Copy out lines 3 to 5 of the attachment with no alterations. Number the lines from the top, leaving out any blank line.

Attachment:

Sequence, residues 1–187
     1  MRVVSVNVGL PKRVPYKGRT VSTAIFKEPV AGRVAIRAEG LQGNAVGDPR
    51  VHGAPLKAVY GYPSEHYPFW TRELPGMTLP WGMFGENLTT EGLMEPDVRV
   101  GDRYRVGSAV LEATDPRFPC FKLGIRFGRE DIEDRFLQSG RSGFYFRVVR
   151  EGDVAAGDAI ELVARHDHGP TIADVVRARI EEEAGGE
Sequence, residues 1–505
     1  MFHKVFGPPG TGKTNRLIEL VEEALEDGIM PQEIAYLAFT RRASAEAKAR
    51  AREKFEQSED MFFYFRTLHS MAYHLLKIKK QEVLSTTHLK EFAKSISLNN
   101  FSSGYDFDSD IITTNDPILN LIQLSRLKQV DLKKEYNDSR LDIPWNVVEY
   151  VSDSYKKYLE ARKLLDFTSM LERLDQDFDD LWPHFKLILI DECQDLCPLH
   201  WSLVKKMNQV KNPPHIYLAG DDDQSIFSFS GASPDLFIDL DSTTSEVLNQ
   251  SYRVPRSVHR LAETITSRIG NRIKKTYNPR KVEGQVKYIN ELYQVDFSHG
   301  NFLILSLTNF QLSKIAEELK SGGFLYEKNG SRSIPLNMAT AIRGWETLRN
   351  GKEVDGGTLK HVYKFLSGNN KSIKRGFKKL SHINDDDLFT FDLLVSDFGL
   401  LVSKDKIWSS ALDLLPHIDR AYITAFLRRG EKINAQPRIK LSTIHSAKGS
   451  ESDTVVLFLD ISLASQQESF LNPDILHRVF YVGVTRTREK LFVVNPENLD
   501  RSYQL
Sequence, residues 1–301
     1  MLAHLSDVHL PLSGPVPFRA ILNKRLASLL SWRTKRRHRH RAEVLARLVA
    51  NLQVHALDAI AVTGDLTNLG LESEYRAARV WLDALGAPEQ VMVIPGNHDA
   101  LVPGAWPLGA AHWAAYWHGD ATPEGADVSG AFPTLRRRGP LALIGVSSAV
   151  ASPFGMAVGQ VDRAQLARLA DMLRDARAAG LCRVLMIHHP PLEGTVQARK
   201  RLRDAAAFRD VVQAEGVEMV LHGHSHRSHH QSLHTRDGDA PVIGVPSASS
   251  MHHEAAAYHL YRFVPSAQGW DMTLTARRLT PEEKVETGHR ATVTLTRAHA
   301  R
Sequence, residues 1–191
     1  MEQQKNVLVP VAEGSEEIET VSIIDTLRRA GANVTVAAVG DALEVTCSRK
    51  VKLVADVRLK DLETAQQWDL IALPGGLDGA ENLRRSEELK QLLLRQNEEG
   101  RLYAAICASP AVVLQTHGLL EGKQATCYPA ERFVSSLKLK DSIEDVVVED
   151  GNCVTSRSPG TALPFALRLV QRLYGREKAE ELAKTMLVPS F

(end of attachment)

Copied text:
    51  VHGAPLKAVY GYPSEHYPFW TRELPGMTLP WGMFGENLTT EGLMEPDVRV
   101  GDRYRVGSAV LEATDPRFPC FKLGIRFGRE DIEDRFLQSG RSGFYFRVVR
   151  EGDVAAGDAI ELVARHDHGP TIADVVRARI EEEAGGE